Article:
- Why stop with eating at the table? Edible decorations can be nibbled on anywhere in the house...adorn your nest with fresh cranberry chains, fruit & nut garlands and cheeky gingerbread men.

- Get down and dirty with the kids and have fun making, baking and painting your own bespoke decorations with salt dough. Store them carefully for use next Christmas too.

- Always have a pan of warm mulled wine on the go! The intoxicating smell of spices will waft festive cheer around the house before you even drink it.

- Stock up on festive essential oils like frankincence, orange, cinnamon, pine, clove and juniper to burn around the house (individually or in interesting combinations). Also, use a few drops in homemade cleaning products and air freshners to keep you in the festive mood as you clean.

- Bring childhood memories flooding back and have fun with potato printing your own homemade christmas cards and wrapping paper.

- The best way to instantly fill your home with Christmas cheer is to stick some of your favourite festive tunes on (mine are from Ella Fitzgerald and Frank Sinatra) and get baking Christmas goodies while you sing along.

Thursday, 2 December 2010

The bread of life

There's nothing quite as satisfying as making, baking and eating your own bread. For me it gives a great sense of wholesomeness and warmth to a home. That's definitely what is needed right now with snowmageddon going on outside. Thankfully there is no fear of our dry food supplies running out which means I've been baking like a madwoman!

The last time I made this yummy foccacia bread was in the summer when we had some lovely friends over from London to stay. The kids, Issy and Lucas, loved squishing the dough and getting their hands messy with the tomato topping. We took it to the park as part of a picnic (the other 'part' being fizz to wash it down, non-alcoholic for the kids of course!). It's surreal to look at such summery snaps now when the current weather couldn't be more opposite!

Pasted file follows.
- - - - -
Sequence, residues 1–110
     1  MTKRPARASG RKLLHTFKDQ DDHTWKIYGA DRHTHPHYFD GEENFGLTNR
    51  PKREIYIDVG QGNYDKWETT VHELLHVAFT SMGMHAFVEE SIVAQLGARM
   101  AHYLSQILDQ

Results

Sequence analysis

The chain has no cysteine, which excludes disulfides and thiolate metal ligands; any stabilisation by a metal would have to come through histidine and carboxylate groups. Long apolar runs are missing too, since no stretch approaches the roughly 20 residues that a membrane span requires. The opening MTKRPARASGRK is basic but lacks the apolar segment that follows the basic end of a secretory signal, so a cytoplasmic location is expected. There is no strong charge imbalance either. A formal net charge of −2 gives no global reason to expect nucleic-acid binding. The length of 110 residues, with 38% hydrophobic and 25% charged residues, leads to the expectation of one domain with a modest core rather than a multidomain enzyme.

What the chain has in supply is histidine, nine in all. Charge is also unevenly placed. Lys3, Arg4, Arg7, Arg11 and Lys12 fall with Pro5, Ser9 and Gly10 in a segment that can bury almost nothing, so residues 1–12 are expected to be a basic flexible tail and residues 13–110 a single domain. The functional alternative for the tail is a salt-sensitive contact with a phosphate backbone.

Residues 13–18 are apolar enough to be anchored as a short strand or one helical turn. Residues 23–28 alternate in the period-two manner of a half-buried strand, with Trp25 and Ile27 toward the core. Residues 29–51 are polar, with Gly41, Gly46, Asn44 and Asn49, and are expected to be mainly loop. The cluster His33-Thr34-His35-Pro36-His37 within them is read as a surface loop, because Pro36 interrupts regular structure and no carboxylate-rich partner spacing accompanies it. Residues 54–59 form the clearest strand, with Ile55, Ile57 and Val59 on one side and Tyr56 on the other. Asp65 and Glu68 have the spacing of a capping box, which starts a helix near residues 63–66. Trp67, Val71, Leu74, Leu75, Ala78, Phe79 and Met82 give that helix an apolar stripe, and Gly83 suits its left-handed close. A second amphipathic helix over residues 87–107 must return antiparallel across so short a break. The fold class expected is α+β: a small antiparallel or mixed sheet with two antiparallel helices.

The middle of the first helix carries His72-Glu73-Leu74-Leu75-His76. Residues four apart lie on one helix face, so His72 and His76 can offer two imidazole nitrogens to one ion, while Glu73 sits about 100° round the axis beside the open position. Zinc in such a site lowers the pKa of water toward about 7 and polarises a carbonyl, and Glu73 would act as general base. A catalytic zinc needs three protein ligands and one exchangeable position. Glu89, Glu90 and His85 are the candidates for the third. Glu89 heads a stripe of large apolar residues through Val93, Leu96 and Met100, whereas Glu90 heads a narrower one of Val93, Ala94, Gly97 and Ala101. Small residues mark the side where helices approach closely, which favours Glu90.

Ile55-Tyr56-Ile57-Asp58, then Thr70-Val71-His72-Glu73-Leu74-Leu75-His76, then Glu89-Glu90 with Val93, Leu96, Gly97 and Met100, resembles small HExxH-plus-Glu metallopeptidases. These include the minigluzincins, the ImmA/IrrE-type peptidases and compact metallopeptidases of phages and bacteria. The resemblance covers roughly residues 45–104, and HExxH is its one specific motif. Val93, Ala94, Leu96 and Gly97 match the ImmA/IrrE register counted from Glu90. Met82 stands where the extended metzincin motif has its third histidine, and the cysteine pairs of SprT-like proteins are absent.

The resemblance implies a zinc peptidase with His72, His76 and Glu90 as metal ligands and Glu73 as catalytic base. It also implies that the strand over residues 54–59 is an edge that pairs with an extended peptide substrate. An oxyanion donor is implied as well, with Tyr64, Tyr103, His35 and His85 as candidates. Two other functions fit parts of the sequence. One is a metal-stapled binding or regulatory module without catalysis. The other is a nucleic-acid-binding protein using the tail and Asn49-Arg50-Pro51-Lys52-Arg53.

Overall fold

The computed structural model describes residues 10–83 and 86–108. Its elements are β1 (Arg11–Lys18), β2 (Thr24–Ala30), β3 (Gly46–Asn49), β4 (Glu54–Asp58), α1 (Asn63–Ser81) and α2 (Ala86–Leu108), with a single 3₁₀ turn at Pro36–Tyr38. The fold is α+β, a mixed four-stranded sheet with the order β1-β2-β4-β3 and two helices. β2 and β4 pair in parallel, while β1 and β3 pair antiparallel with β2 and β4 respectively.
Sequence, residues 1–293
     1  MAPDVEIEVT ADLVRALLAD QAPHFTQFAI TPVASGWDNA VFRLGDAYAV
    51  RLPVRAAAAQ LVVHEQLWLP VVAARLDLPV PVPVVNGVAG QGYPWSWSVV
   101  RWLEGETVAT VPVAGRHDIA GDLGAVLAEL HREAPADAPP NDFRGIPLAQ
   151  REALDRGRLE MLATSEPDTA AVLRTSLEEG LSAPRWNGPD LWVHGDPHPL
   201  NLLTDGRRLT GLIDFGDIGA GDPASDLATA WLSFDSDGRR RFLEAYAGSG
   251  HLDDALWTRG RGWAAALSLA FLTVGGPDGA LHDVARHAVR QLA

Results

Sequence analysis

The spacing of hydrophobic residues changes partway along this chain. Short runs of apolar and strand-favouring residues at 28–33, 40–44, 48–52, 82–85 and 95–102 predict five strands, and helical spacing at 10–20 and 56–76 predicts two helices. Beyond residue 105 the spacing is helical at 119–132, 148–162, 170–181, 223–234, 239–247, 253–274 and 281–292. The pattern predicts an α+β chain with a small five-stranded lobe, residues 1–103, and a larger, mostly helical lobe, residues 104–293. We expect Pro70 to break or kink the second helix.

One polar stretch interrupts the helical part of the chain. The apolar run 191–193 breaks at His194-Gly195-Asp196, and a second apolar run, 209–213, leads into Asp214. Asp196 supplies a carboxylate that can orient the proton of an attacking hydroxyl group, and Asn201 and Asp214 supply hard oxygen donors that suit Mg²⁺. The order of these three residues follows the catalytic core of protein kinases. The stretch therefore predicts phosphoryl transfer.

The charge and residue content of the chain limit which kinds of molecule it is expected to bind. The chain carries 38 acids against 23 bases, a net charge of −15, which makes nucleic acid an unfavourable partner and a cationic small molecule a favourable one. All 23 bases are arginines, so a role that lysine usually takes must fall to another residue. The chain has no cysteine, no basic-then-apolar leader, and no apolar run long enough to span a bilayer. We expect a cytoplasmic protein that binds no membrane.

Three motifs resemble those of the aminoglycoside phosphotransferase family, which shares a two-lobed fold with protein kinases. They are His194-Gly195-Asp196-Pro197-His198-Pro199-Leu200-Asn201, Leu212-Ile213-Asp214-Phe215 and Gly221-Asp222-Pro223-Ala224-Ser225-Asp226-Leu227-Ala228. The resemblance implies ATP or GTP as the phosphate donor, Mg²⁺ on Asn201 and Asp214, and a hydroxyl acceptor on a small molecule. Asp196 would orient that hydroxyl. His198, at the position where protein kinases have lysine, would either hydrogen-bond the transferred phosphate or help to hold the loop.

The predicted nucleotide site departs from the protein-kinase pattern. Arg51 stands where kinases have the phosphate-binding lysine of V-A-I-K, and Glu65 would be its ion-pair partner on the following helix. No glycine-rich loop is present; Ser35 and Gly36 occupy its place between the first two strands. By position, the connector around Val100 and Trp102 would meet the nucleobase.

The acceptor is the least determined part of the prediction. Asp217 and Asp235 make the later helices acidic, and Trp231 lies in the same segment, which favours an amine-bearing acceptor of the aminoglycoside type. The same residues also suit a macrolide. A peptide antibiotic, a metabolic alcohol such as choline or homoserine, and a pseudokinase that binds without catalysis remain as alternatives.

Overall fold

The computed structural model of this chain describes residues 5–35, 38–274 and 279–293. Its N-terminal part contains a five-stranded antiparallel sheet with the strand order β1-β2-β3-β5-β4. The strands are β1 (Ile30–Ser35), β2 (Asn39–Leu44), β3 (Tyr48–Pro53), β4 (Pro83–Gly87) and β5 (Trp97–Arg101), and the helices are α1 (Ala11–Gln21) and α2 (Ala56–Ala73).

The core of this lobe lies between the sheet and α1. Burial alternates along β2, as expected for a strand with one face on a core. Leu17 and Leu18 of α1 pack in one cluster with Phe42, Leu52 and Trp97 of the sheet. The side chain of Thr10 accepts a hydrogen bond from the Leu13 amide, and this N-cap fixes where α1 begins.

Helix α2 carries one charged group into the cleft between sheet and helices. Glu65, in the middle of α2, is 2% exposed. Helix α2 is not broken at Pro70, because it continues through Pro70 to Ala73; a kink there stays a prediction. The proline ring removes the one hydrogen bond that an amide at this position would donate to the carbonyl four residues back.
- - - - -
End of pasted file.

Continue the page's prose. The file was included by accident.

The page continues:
This is based on a recipe from ‘Homechef’ by Neven Maguire

Makes 1 loaf

7 tbsp extra-virgin olive oil, plus extra for oiling and drizzling
1 tsp fast-action yeast
450g (1lb) strong plain white flour, plus extra for dusting
1 ¼ tsp sea salt
1 jar semi-sundried tomatoes, drained
leaves from 1 fresh rosemary sprig
Maldon sea salt, for sprinkling

Oil a 28 x 18 x 4cm (11 x 7 x 1 ½ in) baking tin and line with non-sick parchment paper.

Mix the yeast, flour and ¼ teaspoon of salt together in a large bowl. Make a well in the centre and pour in 225ml (8fl oz) of tepid water and 5 tablespoons of the olive oil. Mix well to form a soft dough then turn out onto a lightly floured surface and knead for 10 minutes until smooth and elastic. 

Place in an oiled bowl, cover with oiled cling film and leave to rise in a warm place (I always use the airing cupboard!) for about 1 hour or until doubled in size. Knock the dough back by punching lightly to knock out air bubbles. 

Then turn it out on to a lightly floured surface again and knead for another 2-3 minutes. Roll out to a large rectangle that is about 1cm (½ in) in thickness and place in the prepared tin.

Stud with the semi-sundried tomatoes and sprinkle the rosemary sprigs and remaining salt over.

Cover with oiled cling film and leave to rise again for about 30 minutes until soft and pillowy. Meanwhile, preheat the oven to 220C (425F), Gas mark 7.

Drizzle again with olive oil and bake for about 30 minutes until cooked through and golden brown. Transfer to a wire rack to cool and drizzle with olive oil to keep the crust softened. Cut or tear into chunks and enjoy!